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Two Former Columbia Men Plead Guilty to $3 Million Investment Fraud Conspiracy

U.S. Attorney’s Office January 27, 2009
  • Western District of Missouri (816) 426-3122

JEFFERSON CITY, MO—John F. Wood, United States Attorney for the Western District of Missouri, announced that two former Columbia, Mo., men pleaded guilty in federal court today to participating in a $3 million investment fraud conspiracy.

William Colwell McNeely, 77, of Millersburg, Mo., and Craig F. Swoboda, 73, of Lake Ozark, Mo., pleaded guilty in separate hearings before U.S. District Judge Nanette K. Laughrey this morning to the charge contained in a Nov. 16, 2007, superseding indictment.

McNeely and Swoboda participated in a conspiracy to commit mail fraud and wire fraud from December 1997 through February 2006. McNeely and Swoboda were residents of Columbia at the time of the conspiracy. McNeely was president and chief operating officer of United Management, Inc. (UMI). Swoboda was the chief executive officer of UMI.

McNeely admitted that he formed UMI to solicit investments from persons, and sold what purported to be opportunities to purchase and participate in the development of vending machine-related inventions. Although investors were told that the product was ready for mass production, there were financial and technical setbacks that caused substantial delays and prevented the production and marketing of the product.

Victims invested up to $400,000 in the fraudulent scheme, with a total loss of $3 million. McNeely admitted that he used investor money for his own personal use and gain.

Co-defendant Gail M. Wilkerson, 62, of Denver, Colo., who was McNeely’s wife and secretary of UMI, pleaded guilty on Nov. 20, 2006, to her role in the conspiracy.

McNeely, Swoboda and Wilkerson used telephone, facsimile, Federal Express, U.S. mail and e-mail in order to conduct business, as well as instructing investors to wire funds to bank accounts, as part of the scheme to defraud investors. They made false and misleading statements in order to attract persons to invest. For example, investors were told that each of the defendants – and their families – had invested large sums of money toward the development of the vending machine-related inventions. Wilkerson falsely told investors that her father was a wealthy executive for Piper Aircraft who had left her a large inheritance.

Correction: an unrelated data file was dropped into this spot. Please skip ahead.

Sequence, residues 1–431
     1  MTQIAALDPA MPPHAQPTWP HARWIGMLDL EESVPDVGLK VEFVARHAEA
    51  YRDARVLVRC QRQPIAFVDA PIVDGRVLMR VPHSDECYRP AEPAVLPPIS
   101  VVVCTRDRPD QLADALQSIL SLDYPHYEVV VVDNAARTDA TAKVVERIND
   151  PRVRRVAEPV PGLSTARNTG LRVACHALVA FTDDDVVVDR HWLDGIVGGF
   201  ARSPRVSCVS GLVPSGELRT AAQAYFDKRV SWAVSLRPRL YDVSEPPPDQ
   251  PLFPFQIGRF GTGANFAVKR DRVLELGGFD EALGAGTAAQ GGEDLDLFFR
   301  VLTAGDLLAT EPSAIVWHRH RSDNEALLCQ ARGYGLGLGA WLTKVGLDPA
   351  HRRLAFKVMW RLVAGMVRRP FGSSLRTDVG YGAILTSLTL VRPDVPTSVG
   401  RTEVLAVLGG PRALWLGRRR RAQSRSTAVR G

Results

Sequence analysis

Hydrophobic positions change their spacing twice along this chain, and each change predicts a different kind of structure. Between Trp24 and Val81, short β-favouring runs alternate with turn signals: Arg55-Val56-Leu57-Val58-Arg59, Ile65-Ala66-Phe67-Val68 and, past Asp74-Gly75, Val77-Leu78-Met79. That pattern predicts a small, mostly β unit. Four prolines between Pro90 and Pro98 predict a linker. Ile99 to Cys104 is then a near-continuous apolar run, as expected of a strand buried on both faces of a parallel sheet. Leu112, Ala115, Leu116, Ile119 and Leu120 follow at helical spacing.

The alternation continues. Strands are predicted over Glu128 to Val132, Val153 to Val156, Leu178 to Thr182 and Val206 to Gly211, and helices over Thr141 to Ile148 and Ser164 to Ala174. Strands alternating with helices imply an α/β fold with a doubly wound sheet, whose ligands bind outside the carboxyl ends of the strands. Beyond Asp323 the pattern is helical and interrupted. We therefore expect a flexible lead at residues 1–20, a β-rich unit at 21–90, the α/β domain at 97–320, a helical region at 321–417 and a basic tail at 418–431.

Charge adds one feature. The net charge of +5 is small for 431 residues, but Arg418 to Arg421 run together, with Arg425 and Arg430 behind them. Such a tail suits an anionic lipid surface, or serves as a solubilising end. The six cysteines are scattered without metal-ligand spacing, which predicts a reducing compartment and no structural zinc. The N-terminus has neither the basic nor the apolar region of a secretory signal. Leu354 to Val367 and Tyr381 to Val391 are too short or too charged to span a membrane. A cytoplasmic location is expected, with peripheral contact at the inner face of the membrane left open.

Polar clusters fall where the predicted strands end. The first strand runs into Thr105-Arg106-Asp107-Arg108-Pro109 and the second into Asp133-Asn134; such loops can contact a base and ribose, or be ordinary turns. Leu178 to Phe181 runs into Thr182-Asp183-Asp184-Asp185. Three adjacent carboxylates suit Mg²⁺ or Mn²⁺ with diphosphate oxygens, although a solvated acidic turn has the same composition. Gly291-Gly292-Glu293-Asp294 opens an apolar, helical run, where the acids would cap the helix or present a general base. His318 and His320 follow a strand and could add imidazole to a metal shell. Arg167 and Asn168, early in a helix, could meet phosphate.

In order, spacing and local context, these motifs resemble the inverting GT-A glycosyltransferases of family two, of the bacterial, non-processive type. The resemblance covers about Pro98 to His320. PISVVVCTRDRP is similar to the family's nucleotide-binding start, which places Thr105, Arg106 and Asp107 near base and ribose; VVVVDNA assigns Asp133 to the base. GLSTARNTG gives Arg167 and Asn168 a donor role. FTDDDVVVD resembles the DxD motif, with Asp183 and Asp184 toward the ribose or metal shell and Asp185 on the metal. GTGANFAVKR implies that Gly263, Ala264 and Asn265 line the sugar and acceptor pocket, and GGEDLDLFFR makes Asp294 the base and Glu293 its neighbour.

McNeely, Swoboda and Wilkerson also omitted certain material facts that would have discouraged potential investors, such as the fact that McNeely and UMI were involved in pending lawsuits with existing investors and that few investors had gotten their investment back without filing a lawsuit.

McNeely and Swoboda made false and misleading statements about the extent of their and UMI’s financial worth, in order to attract persons to invest, including:

* that UMI was worth $150 million;

* that UMI had agreements with various companies to distribute the product;

* that the company shares were worth $5 per share;

* that a major bottler wanted to buy UMI for $1 per share; and

* that investors could get their money back if they were not happy.

Under federal statutes, each of the defendants is subject to a sentence of up to 20 years in federal prison without parole, plus a fine up to $250,000 and an order of restitution. Sentencing hearings will be scheduled after the completion of presentence investigations by the United States Probation Office.

This case is being prosecuted by Assistant U.S. Attorney Jim Lynn. It was investigated by the Federal Bureau of Investigation, IRS-Criminal Investigation, the Missouri Secretary of State and the Missouri Attorney General’s Office.

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